My time recovering from depression was a time of renewal and immersing myself in the presence of God. Having a relationship with God at this time meant reading my Bible everyday for as long as I needed. It meant praying for at least an hour everyday and singing praise songs in the car and at home. God used different people to minister to me in order for me to become healthy. My relationship with my husband was a key element to my recovery. He was an angel here on earth for me, while I was in the black hole of depression he loved me like a mother or father loves her/his child, and I needed that unconditional love. He knew the true meaning of the marriage vow, “in sickness or in health.”
[The Holy Spirit] kept me walking in the land of the living.
Another person who showed me unconditional love was the Holy Spirit. One day I went into a Christian bookstore and I specifically went to look for a book regarding Josephus, the historian that lived soon after Jesus died on the cross. But instead, while I was looking through the books, I literally felt like my eyes were led to another book, Victory over Darkness. I totally needed this book and the Holy Spirit knew it. This book helped me to know how to start changing my thought pattern and begin to see myself as the beautiful child that God had made me. I found out about Freedom Through Christ Ministries and called a church that I found listed in the back of the book to ask about counseling and prayer. At this church I was prayed for and counseled by an awesome woman of God. She was so full of faith and words of wisdom for me. It was another ingredient that God knew I needed in order to get me on the road to being healthy again.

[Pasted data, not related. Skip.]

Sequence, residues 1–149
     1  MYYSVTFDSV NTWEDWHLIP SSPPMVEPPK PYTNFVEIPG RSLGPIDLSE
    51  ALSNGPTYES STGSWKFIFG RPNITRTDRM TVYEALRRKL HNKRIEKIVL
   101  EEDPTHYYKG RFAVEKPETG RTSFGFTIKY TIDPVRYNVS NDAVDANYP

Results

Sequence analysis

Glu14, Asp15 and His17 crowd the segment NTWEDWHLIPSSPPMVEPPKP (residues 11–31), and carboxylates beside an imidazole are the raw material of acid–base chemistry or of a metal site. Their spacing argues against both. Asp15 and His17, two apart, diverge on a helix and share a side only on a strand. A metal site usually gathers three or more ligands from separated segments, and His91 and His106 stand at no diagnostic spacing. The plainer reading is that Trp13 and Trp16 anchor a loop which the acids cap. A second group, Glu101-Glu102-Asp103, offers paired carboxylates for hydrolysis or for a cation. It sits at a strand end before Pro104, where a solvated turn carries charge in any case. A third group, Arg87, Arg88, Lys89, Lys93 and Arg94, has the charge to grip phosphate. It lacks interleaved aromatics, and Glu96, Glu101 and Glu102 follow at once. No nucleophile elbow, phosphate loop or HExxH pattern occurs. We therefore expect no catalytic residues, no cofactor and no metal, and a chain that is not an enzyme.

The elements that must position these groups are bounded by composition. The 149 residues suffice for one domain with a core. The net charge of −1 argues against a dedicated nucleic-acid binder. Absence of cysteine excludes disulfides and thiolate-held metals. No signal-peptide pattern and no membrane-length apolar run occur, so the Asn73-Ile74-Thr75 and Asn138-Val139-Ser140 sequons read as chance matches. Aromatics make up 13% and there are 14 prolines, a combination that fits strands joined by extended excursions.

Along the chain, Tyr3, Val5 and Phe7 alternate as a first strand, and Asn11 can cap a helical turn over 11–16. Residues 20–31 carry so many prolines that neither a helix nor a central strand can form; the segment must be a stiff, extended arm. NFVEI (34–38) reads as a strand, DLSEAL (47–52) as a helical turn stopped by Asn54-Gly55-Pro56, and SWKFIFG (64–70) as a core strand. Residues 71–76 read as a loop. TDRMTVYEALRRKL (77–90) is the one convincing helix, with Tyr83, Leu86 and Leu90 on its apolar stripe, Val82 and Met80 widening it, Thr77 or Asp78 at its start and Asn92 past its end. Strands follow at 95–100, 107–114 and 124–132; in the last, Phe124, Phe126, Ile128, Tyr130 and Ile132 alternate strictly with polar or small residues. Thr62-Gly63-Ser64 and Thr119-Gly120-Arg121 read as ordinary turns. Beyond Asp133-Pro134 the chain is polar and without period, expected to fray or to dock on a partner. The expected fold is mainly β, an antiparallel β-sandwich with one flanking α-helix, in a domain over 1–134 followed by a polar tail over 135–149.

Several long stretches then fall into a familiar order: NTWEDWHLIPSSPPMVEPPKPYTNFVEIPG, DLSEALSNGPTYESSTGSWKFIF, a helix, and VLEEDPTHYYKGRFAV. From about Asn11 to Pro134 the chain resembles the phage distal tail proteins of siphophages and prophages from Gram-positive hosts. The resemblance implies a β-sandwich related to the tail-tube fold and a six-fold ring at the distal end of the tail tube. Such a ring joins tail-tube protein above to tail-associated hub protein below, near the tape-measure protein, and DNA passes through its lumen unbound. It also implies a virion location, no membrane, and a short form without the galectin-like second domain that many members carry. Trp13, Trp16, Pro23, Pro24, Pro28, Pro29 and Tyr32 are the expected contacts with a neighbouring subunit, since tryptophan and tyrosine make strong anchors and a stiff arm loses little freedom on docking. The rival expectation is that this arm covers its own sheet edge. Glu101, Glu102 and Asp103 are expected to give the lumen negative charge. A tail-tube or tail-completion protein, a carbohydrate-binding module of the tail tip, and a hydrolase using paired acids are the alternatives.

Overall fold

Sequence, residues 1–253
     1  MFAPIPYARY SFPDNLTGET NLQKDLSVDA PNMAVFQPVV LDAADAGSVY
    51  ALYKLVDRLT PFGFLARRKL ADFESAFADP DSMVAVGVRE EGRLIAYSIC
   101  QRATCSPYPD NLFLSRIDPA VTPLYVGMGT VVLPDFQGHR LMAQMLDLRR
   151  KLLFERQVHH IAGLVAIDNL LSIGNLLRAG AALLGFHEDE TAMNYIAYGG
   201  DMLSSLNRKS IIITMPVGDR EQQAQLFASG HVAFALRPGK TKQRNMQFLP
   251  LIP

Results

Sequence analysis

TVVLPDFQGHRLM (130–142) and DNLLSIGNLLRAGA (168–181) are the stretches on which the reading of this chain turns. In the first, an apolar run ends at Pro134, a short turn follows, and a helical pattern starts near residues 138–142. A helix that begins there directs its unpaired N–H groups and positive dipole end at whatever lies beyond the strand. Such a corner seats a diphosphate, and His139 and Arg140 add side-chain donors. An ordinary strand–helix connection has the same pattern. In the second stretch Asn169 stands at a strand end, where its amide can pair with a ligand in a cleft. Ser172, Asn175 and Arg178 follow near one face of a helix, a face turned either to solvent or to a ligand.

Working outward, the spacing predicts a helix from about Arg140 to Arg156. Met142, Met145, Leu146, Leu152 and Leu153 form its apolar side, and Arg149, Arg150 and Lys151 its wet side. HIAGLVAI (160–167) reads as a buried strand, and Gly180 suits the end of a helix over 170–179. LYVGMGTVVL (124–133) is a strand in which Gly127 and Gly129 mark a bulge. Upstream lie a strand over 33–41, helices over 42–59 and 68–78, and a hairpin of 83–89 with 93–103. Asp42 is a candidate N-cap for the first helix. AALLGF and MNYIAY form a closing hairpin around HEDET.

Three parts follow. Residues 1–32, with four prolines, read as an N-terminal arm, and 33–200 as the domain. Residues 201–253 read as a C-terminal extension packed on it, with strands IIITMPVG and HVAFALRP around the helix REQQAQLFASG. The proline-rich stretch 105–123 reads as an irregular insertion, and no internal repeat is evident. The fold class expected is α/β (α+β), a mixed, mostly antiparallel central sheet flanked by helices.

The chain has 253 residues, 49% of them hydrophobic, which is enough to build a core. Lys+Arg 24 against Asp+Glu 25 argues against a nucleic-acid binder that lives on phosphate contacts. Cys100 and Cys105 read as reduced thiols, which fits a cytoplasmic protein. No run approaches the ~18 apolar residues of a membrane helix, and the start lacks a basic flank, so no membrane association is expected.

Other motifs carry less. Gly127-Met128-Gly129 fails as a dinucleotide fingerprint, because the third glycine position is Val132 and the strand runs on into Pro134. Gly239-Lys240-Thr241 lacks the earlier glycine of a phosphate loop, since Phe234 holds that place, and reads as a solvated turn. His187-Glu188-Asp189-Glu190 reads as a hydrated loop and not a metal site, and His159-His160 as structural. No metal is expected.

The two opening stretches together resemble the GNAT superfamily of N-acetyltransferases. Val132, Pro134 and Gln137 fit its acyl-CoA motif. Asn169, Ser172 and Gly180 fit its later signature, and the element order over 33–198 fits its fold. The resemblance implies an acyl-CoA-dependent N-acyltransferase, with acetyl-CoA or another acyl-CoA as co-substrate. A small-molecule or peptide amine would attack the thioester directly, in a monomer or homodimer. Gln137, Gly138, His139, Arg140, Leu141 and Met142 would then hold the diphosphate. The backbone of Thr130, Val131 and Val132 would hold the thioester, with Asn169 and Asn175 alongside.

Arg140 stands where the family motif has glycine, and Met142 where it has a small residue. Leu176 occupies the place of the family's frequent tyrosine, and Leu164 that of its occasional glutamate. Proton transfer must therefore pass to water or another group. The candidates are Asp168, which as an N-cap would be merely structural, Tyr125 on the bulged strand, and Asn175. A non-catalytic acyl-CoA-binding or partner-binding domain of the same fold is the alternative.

It has been eleven years since I experienced severe depression and I know now that I am genetically disposed towards depression and I have been taking antidepressants for many years now, with some lapses. I definitely thank God for the researchers that came up with my medication, because it has kept me enjoying the sunshine as God meant for me to enjoy it. And the Holy Spirit’s comfort, along with God’s glory and Jesus’ word, has kept me walking in the land of the living.
Why do people take their lives? Because they are completely spent; they have no hope in order to go on with everyday life and they are severely depressed. Once it’s at the point they are seriously considering suicide they are no longer living in this world. As most of us know, perhaps they are functioning—eating, working, walking down the street—but they are like flesh that has been drained of the blood. So when suicide enters a person’s mind it is quite simple to take the steps to take his or her life because he or she already feels half dead. It is one of the worst places to be: another hell on earth.
What is Depression?
According to the DSM-IVTR, a manual used by professionals to diagnose mental disorders, on WebMD.com, depression occurs when you have at least five of the following nine symptoms at the same time:
* a depressed mood during most of the day, particularly in the morning
* fatigue or loss of energy almost every day
* feelings of worthlessness or guilt almost every day
* impaired concentration, indecisiveness
* insomnia or hypersomnia (excessive sleeping) almost every day
* markedly diminished interest or pleasure in almost all activities nearly every day
* recurring thoughts of death or suicide (not just fearing death)
* a sense of restlessness – known as psychomotor agitation – or being slowed down, retardation
* significant weight loss or gain (a change of more than 5% of body weight in a month)